working memory

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working memory

n.
1. A portion of digital memory reserved for data to be temporarily stored during the running of a program. Also called working storage.
2. The part of the mind that stores and manipulates information in the short term and is responsible for planning and carrying out behavior.
American Heritage® Dictionary of the English Language, Fifth Edition. Copyright © 2016 by Houghton Mifflin Harcourt Publishing Company. Published by Houghton Mifflin Harcourt Publishing Company. All rights reserved.

working memory

n
(Psychology) psychol the current contents of a person's consciousness
Collins English Dictionary – Complete and Unabridged, 12th Edition 2014 © HarperCollins Publishers 1991, 1994, 1998, 2000, 2003, 2006, 2007, 2009, 2011, 2014
ThesaurusAntonymsRelated WordsSynonymsLegend:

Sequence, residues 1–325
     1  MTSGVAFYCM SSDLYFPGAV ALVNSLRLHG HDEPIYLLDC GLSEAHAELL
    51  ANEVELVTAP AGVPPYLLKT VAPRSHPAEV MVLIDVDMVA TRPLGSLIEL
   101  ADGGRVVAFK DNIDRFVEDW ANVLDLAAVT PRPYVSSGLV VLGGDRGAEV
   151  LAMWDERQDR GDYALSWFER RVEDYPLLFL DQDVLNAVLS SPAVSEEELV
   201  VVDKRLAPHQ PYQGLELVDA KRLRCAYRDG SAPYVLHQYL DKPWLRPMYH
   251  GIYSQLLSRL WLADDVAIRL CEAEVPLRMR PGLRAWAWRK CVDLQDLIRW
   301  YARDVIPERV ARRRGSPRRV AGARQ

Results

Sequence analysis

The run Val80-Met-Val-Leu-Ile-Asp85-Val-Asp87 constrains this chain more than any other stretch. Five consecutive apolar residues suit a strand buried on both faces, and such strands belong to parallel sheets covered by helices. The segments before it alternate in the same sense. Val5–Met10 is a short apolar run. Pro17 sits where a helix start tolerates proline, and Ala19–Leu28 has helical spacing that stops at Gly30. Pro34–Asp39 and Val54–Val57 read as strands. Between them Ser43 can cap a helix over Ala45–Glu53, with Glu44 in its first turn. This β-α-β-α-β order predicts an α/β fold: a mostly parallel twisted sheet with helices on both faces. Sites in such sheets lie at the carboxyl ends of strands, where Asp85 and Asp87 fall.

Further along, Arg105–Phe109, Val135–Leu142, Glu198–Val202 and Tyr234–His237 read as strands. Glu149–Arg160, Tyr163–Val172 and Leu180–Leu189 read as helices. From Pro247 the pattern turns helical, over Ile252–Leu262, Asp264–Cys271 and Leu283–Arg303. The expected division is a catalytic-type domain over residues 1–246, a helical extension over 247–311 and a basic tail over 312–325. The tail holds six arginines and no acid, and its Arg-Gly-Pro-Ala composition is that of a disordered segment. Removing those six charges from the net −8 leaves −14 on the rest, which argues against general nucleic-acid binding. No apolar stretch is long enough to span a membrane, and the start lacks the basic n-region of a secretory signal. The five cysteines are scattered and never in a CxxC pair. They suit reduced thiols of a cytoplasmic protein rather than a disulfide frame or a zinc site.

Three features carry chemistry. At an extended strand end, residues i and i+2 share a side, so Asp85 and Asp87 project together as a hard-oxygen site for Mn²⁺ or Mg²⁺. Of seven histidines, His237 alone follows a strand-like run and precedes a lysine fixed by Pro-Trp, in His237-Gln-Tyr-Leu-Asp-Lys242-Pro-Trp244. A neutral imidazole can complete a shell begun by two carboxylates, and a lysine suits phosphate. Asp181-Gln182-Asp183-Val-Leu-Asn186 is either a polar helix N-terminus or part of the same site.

Noun1.working memory - memory for intermediate results that must be held during thinking
remembering, memory - the cognitive processes whereby past experience is remembered; "he can do it from memory"; "he enjoyed remembering his father"
Based on WordNet 3.0, Farlex clipart collection. © 2003-2012 Princeton University, Farlex Inc.
References in periodicals archive ?
Chimpanzees are more like humans than we think - and a study by scientists has confirmed there are 'remarkable' similarities between the working memories of the two species.
The participants tested their own working memories repeatedly, completing 10 sessions on a computer-based program that mimicked the old Highlights magazine game: stare at an image, then decide if subsequent images are identical or have subtle differences.
Coupling occurs when different types of brain rhythms coordinate with one another, and it helps us process and store working memories. Slow, low-frequency rhythms -- theta rhythms -- dance in the front of your brain, acting like the conductors of an orchestra.
Coupling occurs when different types of brain rhythms coordinate with one another, and it helps process and store working memories. Slow, low-frequency rhythms -- theta rhythms -- dance in the front of your brain, acting like the conductors of an orchestra.